Monday, July 26, 2010

Three-month review

On a whim, this afternoon I decided to take a look at the long-term graphs for some of my benchmarks.  Most of them now have at least three month's worth of data, and I was curious to see whether there have been changes over time.

Most of the graphs look pretty uneventful.  This computational benchmark from EC2 (measuring Math.sin) is typical:

Basically unchanged.  (The early blip in median latency might be a statistical artifact: the histogram shows a large peak around 130ns, and a smaller peak at 250ns; perhaps the large peak comprises more or less precisely half of the samples, so as it wanders from 49% to 51%, the median could flit back and forth between the two peaks..)

The Math.sin benchmark running on App Engine shows a little more variation:

This presumably follows from the fact that App Engine allows clients to share a CPU.

Shared storage services show much more variation.  Here is the latency to read a single record from an Amazon SimpleDB database (without consistency):

Here's the same graph, with the vertical scale capped at 100ns to make the lower percentiles more visible:

The lower percentiles look steadier, as one might expect -- intermittent issues are likely to be fringe issues, and thus to disproportionately affect the higher percentiles.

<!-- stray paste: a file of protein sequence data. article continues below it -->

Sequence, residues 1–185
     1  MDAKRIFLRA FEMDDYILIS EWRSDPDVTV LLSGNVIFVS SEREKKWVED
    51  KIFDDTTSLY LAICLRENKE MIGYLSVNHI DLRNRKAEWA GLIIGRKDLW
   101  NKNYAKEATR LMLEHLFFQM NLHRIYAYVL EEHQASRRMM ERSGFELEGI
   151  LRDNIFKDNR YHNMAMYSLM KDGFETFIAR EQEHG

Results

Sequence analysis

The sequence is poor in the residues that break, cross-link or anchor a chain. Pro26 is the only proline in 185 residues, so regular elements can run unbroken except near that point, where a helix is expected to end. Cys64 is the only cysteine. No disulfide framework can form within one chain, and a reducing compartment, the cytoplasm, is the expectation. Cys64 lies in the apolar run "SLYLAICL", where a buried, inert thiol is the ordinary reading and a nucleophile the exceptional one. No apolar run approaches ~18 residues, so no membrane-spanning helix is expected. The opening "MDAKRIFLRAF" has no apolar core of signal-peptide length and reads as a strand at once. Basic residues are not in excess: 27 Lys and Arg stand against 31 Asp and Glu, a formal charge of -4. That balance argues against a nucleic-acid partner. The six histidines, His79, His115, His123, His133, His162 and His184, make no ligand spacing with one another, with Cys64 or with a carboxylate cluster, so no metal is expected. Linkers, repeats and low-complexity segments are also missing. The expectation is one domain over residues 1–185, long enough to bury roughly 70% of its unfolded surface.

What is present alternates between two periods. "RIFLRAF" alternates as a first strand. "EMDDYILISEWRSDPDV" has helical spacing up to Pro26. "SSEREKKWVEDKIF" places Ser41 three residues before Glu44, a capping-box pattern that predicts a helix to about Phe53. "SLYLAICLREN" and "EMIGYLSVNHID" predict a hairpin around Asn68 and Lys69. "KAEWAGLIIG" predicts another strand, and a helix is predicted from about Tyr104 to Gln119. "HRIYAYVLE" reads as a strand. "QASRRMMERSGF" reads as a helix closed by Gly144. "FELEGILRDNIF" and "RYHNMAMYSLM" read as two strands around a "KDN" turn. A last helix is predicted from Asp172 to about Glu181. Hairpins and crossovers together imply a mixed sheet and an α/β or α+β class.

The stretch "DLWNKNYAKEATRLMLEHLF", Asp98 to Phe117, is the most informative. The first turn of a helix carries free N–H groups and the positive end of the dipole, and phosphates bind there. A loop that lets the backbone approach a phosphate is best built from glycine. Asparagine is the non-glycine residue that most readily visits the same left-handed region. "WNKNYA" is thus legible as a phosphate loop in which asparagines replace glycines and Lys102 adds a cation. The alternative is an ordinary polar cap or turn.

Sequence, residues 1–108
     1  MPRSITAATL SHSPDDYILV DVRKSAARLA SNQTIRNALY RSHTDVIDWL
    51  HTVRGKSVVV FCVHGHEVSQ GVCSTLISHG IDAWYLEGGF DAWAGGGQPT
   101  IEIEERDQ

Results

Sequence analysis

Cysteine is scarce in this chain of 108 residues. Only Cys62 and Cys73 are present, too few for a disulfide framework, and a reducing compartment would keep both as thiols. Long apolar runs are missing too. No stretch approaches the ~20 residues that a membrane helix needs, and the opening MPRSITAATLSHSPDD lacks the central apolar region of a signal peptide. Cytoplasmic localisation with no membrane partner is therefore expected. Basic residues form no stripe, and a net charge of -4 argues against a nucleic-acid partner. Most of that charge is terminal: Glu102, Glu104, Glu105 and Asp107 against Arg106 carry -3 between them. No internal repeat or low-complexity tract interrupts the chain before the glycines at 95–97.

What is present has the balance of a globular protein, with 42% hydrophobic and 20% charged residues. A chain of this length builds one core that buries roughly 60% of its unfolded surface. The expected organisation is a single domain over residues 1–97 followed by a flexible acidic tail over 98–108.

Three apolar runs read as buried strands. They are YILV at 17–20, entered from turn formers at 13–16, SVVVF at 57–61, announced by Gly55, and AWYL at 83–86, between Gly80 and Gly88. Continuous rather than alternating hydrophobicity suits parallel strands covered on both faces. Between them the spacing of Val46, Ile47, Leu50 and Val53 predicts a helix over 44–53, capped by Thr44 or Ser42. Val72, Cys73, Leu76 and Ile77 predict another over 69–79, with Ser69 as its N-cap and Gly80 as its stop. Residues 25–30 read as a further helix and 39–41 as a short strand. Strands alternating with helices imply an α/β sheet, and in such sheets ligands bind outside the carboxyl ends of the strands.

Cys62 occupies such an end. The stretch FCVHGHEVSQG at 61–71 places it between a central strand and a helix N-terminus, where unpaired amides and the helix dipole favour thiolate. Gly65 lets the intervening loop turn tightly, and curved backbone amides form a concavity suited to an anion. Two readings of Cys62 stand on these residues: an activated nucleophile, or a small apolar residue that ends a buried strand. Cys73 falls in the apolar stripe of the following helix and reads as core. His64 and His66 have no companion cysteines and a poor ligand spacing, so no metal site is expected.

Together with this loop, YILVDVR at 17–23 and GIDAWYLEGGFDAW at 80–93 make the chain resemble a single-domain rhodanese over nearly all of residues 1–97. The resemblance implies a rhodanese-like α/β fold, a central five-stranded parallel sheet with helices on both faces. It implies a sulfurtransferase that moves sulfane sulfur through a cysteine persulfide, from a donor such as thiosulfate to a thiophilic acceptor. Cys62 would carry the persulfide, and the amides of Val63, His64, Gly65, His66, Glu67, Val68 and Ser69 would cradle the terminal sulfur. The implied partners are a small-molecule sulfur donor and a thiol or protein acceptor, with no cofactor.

App Engine Datastore read and write latencies wander around in a similar manner -- here's the graph for (non-transactional) reads:

EBS read and write latencies are comparatively stable, with some variation at the 99th percentile.  EC2 local-disk latencies are even more stable.  Amazon RDS latency is another story -- look at this graph for reads (of a single record from a pool of 1M records):

There have been a couple of distinct improvements in 99th percentile latency. Expanding the Y axis shows more detail for the 90th percentile:

It has wandered around, though it improved sharply a few weeks ago along with the 99th percentile, and has been quite steady since then.  Further expansion (not shown here) reveals the median and 10th percentile latencies to have been rock-solid all along.

Here is the graph to write one record to RDS:

Again we see a sharp improvement around July 9th.  Zooming in shows that the 10th percentile and median values have actually gotten worse over time:

While RDS read latencies have improved substantially, the bizarre 6-hour cycle is still present.  This graph, showing a couple of days on either side of the July 9th improvement, makes that clear:

(Note, in this graph the Y axis has been clipped at 300ms; many of the peaks are actually as high as 750ms.)

Of course, I have no way of knowing what caused any of these variations.  I haven't gone near these servers in quite some time, so the RDS latency improvements in June and July can't be anything I did.  Just another reminder that you can't take the performance of a shared service for granted.  I did receive a communication in late June from AWS support that "we are currently working on adjustments that would reduce latency in the db.m1.small instances"; this may explain the drop on July 9th.

I'll revisit this topic every few months.  Until then, back to the logging project...

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